Neely’s killing renews scrutiny on NYC’s treatment of unhoused people

Neely’s killing has also raised new attention on the way that people experiencing homelessness have been treated both by the city and its residents. Advocates have been working for years to close gaps in mental health support and end punitive treatment of unhoused people. And the initial release of the man who conducted the fatal chokehold prompted outcry given the message it sent about his actions.

“The fact that someone who took the life of a distressed, mentally ill human being on a subway could be set free without facing any consequences is shocking and evidences the city’s callous indifference to the lives of those who are homeless and psychiatrically unwell,” Dave Giffen, the executive director of the Coalition for the Homeless, said in a statement in the wake of Neely’s killing.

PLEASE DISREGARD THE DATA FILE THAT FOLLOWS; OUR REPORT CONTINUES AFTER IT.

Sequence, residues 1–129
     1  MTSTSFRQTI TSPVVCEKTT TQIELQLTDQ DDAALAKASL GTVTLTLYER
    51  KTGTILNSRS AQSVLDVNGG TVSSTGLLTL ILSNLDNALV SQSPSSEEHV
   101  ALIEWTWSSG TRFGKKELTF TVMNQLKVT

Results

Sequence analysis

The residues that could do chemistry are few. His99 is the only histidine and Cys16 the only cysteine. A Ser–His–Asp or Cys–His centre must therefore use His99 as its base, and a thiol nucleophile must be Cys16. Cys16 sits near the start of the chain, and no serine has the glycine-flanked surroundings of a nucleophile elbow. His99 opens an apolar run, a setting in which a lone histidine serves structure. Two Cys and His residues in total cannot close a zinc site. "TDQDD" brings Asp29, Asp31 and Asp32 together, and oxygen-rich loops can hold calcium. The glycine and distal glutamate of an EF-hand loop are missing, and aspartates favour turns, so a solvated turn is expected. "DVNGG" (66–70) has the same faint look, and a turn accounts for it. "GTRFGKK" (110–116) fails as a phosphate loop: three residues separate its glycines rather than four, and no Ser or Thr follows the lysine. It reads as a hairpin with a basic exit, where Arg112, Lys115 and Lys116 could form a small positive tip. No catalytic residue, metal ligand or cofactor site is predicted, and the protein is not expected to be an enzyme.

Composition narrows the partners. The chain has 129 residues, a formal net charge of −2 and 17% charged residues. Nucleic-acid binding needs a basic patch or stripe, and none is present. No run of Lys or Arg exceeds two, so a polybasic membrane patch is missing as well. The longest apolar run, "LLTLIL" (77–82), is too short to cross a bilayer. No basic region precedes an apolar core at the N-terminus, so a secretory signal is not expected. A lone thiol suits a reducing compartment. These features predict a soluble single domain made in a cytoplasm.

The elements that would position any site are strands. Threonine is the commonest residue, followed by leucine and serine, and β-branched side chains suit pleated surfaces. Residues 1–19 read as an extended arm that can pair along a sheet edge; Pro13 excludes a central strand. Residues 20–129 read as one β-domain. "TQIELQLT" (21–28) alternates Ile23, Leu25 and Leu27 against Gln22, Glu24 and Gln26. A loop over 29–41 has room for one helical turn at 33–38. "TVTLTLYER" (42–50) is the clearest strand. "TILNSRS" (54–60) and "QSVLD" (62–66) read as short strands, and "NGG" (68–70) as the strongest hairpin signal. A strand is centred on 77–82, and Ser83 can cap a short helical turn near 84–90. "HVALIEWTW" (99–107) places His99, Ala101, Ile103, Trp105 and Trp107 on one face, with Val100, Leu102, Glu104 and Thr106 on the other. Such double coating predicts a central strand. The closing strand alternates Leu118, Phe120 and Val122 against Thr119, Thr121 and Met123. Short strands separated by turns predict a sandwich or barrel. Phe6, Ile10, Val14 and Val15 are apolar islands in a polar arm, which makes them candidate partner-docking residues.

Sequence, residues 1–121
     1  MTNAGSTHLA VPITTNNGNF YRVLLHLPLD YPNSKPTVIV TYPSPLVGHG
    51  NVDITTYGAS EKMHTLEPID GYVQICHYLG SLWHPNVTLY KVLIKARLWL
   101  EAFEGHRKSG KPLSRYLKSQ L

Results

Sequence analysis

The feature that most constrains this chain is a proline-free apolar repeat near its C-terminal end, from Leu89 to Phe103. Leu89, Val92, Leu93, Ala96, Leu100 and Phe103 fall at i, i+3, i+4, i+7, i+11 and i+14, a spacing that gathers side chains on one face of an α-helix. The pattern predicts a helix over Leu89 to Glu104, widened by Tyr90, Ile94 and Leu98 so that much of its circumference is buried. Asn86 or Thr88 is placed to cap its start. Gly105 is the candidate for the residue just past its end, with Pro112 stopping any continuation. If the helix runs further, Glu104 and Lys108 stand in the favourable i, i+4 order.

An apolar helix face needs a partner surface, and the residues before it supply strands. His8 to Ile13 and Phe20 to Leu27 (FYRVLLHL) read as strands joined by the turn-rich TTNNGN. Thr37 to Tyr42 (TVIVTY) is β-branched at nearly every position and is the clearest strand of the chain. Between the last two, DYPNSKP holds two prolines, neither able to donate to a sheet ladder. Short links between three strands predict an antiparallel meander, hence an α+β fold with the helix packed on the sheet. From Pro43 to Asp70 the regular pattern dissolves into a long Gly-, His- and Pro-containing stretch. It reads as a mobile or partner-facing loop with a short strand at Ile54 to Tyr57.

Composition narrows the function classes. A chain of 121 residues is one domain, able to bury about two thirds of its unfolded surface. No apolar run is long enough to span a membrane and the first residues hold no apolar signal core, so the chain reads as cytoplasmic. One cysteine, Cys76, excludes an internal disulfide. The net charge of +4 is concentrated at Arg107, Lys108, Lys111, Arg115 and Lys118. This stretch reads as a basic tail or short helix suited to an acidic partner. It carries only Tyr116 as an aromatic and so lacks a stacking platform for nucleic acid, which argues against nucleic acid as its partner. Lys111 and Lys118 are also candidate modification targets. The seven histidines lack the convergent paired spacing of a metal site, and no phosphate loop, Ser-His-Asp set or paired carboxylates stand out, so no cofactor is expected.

A 2016 United Nations report highlighted how people experiencing homelessness are subject to inhumane and degrading treatment” both by the government and by private citizens. And according to a 2020 study published in The Lancet, unhoused people are at much higher risk of being the victims of crime and violence than people who are housed. Narratives about unhoused people being “dangerous” also spur a “climate of fear,” advocates say.

In recent years, there’s been a growing focus on such stories amid high-profile instances of unhoused people being involved in violence in cities including New York City. The increased homelessness in the city, where it’s at the highest levels since the Great Depression, has also drawn attention to these concerns. Advocates note that it’s important not to make sweeping statements, however, and stress that unhoused people are more likely to be the target than the perpetrators of fatal violence.